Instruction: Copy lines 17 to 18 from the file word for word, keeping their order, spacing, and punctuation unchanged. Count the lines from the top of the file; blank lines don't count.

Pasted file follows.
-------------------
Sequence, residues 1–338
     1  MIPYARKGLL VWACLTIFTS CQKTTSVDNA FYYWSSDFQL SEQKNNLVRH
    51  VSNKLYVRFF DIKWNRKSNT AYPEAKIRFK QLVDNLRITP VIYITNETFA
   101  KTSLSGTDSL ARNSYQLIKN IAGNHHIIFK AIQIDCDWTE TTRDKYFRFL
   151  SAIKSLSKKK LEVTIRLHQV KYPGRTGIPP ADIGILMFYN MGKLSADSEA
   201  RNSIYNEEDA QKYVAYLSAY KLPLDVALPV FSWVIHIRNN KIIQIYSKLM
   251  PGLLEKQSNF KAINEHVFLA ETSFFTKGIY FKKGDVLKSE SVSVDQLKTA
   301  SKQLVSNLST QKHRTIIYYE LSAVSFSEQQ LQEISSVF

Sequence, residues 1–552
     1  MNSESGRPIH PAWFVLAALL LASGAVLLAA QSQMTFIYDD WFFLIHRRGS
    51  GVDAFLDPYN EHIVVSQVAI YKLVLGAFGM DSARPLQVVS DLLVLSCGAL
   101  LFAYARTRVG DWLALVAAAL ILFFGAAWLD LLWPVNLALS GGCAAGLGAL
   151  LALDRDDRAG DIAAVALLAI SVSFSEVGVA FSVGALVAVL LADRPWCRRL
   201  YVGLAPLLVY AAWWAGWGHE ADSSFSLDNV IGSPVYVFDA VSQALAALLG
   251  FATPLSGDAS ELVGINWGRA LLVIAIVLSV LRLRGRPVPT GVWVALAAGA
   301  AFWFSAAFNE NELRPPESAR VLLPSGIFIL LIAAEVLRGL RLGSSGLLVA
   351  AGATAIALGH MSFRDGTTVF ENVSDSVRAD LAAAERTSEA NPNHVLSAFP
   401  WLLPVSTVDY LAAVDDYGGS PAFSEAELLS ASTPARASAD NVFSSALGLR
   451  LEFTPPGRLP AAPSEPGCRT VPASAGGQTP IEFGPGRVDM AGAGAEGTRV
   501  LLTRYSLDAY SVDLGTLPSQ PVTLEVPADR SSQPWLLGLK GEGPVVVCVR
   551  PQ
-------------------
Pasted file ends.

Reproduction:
   351  AGATAIALGH MSFRDGTTVF ENVSDSVRAD LAAAERTSEA NPNHVLSAFP
   401  WLLPVSTVDY LAAVDDYGGS PAFSEAELLS ASTPARASAD NVFSSALGLR